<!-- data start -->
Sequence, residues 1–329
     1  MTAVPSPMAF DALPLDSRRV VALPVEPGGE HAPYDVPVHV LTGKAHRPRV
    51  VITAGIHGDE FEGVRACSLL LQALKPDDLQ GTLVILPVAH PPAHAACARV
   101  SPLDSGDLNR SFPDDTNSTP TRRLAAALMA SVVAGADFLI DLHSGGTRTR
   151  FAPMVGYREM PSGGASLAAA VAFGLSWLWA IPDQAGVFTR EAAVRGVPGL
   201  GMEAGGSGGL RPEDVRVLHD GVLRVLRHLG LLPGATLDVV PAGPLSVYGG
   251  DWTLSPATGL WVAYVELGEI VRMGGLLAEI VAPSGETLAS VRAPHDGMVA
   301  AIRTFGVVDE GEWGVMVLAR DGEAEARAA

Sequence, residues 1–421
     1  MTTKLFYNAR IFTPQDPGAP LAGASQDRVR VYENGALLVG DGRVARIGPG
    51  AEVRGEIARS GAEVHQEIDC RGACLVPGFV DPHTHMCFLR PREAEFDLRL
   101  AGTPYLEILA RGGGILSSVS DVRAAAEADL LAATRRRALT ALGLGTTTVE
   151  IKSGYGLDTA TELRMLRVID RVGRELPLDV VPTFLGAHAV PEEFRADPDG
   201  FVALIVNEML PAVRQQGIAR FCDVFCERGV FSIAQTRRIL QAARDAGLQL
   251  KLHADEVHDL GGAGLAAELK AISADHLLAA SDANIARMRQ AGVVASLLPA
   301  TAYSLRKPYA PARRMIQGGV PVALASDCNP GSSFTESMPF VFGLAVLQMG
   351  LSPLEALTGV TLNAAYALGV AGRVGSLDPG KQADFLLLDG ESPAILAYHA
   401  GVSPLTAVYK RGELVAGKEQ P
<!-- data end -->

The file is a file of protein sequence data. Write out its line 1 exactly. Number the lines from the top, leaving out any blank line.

Sequence, residues 1–329